May 12, 2013 Updated: May 12, 2013 at 9:35 pm
On April 10, the Academy Board returned American history to its core curriculum for a select group of cadets starting in the fall semester.
The board brought back the course, previously part of the core curriculum from 1962 to 1987, amid concerns Air Force Academy graduates did not have a deep enough historical understanding of the U.S. Constitution and the nation they are pledged to serve.
For several years, the department of history surveyed cadets to determine if they were part of a nationwide downward trend in knowledge of American history among post-secondary school students. Not surprisingly, perhaps, they found a substantial number of cadets deficient in areas of basic U.S. history - understanding the founding principles of the United States (most important the historical context of the Constitution); the development of American ideas regarding democracy; the struggles for racial, minority and gender equality; and the place of the U.S. in the world. In addition, data suggest a general decline in the knowledge of the discipline across the four years of the academy's academic program.
The new test course, History 200Z, consists of a one-semester examination of our nation's history from its colonial origins to the present. Surveying the broad landscape of America's past, the course will explore the people and institutions that have helped shape American political, intellectual, social and economic change over time. History 200Z will pay special attention to those issues involving racial and ethnic minorities, gender equality and constitutional freedoms in the development of American identities. It will also strengthen other courses in political science, economics, geography, and law in the core curriculum. Tied directly to the outcomes of Respect for Human Dignity; Civic and Cultural Competency; and strongly related to our commitment to diversity and inclusivity, this course will help selected cadets arrive at a clearer and more meaningful understanding of our nation's past and their responsibility as citizen-airmen in a free, complex and changing society.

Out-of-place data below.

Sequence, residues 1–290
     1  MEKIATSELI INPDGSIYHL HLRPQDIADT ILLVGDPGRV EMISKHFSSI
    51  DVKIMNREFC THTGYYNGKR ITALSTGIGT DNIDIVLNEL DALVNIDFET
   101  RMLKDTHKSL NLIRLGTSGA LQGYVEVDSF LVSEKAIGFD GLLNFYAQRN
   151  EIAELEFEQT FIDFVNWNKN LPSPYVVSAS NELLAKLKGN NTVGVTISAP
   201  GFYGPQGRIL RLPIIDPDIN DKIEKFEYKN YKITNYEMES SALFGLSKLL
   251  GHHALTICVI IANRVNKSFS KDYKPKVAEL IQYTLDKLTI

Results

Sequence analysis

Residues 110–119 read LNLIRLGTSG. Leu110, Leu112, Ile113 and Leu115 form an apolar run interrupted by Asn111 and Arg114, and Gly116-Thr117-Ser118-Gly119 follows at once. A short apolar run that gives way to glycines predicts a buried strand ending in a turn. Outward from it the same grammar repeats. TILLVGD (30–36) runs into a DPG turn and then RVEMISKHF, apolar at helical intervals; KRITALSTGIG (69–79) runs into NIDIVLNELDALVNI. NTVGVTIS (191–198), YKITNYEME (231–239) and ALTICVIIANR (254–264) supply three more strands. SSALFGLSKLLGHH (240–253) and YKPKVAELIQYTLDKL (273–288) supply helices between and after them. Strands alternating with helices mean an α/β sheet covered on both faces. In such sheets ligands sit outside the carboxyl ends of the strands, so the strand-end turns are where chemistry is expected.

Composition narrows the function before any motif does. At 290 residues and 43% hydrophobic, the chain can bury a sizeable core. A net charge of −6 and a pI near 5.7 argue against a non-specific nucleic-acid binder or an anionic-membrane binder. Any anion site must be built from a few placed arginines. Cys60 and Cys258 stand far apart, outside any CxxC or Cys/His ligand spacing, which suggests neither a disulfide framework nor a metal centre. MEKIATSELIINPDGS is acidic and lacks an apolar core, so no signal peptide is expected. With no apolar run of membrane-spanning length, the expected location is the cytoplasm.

To avoid expanding the already large core curriculum in the short term, History 200Z is targeted to 150 cadets who demonstrate deficient knowledge of American history and have an opening in their academic schedule.
The dean of the faculty will simultaneously undertake a longitudinal study to evaluate the course's efficacy, benefits and costs with regard to the entire core curriculum. Apart from the selected group of cadets enrolled, we will also offer the course as an option to others who desire more exposure to our nation's rich heritage.
Lt. Gen. Michael C. Gould is the superintendent of the Air Force Academy.